Watch Woodstock

"3 days of peace, music...and love."
  • R
  • 1970
  • 3 hr 4 min
  • 8.1  (18,310)
  • 95

Woodstock from 1970 is a documentary film that chronicles the three-day music festival of the same name. The event took place in August 1969 and drew over 400,000 people to Max Yasgur's dairy farm in upstate New York. Directed by Michael Wadleigh, the movie captures the excitement, chaos, and cultural significance of Woodstock through a combination of performances, interviews, and footage of the audience.

The film opens with scenes of the massive traffic jam on the way to the festival and the efforts of the organizers to accommodate the unexpectedly huge crowd. As the music begins, we see iconic performances by some of the most influential musicians of the era, including Joan Baez, Richie Havens, and Roger Daltrey. Through their songs, we witness the spirit of the counterculture and the aspirations of a generation.

Along with the music, the film also portrays the cultural and societal context of the time. We see the Vietnam War protests, the drug culture, and the sense of community and peace that pervaded the festival. There are interviews with the attendees, who describe their feelings of unity and freedom. Some talk about their disillusionment with the mainstream society and their desire for a new way of living. Others are simply enjoying the music, the sunshine, and the camaraderie.

There are some memorable moments in the movie. Richie Havens' opening performance, where he improvised his famous song "Freedom" on the spot, is one of the highlights. Joan Baez's soulful rendition of "Joe Hill" and her impromptu performance during a rainstorm are also memorable. Roger Daltrey's energetic performance of "See Me, Feel Me" from The Who's rock opera "Tommy" and Jimi Hendrix's electrifying rendition of "The Star-Spangled Banner" are other standout moments.

However, the film does not focus solely on the music. It also shows the challenges of organizing such a large event, including the lack of food and sanitation. We see the efforts of the medical staff, who were overwhelmed by the number of people needing care. There are also scenes of the police, who initially had a confrontational approach but eventually became more accommodating.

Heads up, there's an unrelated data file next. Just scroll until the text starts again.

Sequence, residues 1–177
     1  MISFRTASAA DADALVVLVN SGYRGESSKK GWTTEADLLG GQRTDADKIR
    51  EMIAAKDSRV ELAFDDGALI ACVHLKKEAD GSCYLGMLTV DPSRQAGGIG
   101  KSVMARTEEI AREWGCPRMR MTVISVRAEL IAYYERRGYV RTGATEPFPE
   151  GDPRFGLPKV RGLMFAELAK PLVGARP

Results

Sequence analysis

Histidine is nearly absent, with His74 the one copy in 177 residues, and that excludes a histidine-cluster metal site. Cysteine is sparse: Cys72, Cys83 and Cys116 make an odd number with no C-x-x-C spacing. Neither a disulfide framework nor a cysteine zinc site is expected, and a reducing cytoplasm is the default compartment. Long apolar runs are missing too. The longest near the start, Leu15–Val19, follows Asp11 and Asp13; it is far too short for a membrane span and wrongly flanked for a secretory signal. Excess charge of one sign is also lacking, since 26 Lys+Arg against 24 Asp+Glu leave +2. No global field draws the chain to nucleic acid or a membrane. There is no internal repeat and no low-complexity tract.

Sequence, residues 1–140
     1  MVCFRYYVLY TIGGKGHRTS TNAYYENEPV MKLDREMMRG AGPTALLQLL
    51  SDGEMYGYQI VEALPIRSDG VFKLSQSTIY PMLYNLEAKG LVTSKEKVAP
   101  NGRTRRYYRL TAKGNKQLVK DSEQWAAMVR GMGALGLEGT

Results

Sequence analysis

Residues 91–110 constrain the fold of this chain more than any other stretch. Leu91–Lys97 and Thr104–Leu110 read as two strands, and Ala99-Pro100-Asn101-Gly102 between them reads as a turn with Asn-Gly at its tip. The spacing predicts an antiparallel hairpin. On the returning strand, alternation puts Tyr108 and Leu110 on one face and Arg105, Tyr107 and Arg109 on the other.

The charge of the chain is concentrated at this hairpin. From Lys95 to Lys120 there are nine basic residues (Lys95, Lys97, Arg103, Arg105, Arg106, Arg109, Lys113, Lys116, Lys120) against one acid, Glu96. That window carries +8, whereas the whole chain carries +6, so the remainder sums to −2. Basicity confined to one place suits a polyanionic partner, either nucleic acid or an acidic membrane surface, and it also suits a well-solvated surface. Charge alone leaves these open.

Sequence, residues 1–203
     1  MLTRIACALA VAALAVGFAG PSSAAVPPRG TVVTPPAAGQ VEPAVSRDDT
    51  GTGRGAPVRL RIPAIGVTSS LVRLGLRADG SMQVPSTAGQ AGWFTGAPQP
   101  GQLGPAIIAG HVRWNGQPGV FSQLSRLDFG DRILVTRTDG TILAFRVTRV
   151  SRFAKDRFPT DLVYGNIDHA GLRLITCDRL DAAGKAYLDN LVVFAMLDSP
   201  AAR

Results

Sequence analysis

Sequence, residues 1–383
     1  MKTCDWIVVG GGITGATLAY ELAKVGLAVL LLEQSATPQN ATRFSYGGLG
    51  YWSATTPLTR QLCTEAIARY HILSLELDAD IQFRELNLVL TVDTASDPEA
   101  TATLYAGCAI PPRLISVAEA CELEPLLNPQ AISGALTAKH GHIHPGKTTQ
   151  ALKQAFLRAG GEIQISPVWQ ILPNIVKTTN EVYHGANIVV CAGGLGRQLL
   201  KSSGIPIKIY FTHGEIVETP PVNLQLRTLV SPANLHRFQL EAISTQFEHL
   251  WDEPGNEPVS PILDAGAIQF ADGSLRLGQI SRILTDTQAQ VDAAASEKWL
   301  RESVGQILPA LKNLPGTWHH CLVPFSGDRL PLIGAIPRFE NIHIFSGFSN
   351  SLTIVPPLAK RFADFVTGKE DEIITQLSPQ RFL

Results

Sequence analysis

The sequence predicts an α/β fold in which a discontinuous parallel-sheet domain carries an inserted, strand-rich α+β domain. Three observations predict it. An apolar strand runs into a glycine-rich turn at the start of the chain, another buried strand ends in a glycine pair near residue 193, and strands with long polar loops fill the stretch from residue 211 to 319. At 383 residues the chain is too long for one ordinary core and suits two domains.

Woodstock from 1970 is a time capsule of a unique cultural moment. It captures the music, the atmosphere, and the zeitgeist of the era in a way that has not been replicated since. The film is a tribute to the power of music and the human desire for community and expression.

In conclusion, Woodstock from 1970 is a must-watch for anyone interested in the history of music and counterculture. It is a fascinating document of a time when social norms were challenged, boundaries were pushed, and the spirit of creativity and change was in the air. The film is a reminder of the power of art to bring people together and to inspire social change. Watch Woodstock Online to experience this iconic event firsthand.

Woodstock is a 1970 documentary with a runtime of 3 hours and 4 minutes. It has received outstanding reviews from critics and viewers, who have given it an IMDb score of 8.1 and a MetaScore of 95.

Where to Watch Woodstock
Woodstock is available to watch, stream, download and buy on demand at Apple TV, Amazon, Google Play, YouTube VOD and Vudu. Some platforms allow you to rent Woodstock for a limited time or purchase the movie and download it to your device.
  • Release Date
  • MPAA Rating
  • Runtime
    3 hr 4 min
  • Language
  • IMDB Rating
    8.1  (18,310)
  • Metascore